Watching a 3D printer work can sometimes seem like magic--thin filaments slowly build up on top of a platform, turning into parts and figurines. Now, a patent published by aerospace company Boeing introduces an even more futuristic element: levitation.
With this method, the object prints while floating in midair thanks to magnets or acoustic waves. A "nugget" or base gets printed first out into space, and then a cadre of 3D printers add more and more of the printing material.
But why? Levitation is cool, yes, but it turns out there is also a practical purpose for a floating 3D printed object, at least according to Boeing's patent. The levitating object can be manipulated and turned more so than an object stuck to a platform can be, and using many printheads at the same time would ostensibly speed up the process.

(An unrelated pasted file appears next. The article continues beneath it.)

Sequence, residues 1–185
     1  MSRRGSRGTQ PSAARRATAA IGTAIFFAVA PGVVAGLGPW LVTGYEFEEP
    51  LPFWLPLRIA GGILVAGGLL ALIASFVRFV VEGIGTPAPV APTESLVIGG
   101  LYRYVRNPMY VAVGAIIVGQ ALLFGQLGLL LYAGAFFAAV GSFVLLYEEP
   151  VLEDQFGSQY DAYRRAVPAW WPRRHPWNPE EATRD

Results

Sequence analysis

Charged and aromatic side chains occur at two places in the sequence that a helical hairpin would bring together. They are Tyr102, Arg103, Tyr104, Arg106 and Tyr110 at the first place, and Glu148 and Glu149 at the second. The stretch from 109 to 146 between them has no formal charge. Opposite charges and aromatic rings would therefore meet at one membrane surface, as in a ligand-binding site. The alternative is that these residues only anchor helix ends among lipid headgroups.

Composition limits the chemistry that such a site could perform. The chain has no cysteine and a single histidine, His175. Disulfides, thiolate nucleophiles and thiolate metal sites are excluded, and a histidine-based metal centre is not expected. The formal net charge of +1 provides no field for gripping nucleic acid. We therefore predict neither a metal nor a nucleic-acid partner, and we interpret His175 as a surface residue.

3D printing, also known as additive manufacturing is important to the aerospace industry and one estimate from 2015 suggests that Boeing itself is using 20,000 3D-printed parts. But that doesn't necessarily mean that all the future factories will be filled with floating in-progress plane parts. As TechCrunch warns, the real-life version of this method may not exactly match what the patent lays out.
PatentYogi made a video to explain how it all works and you can watch it below: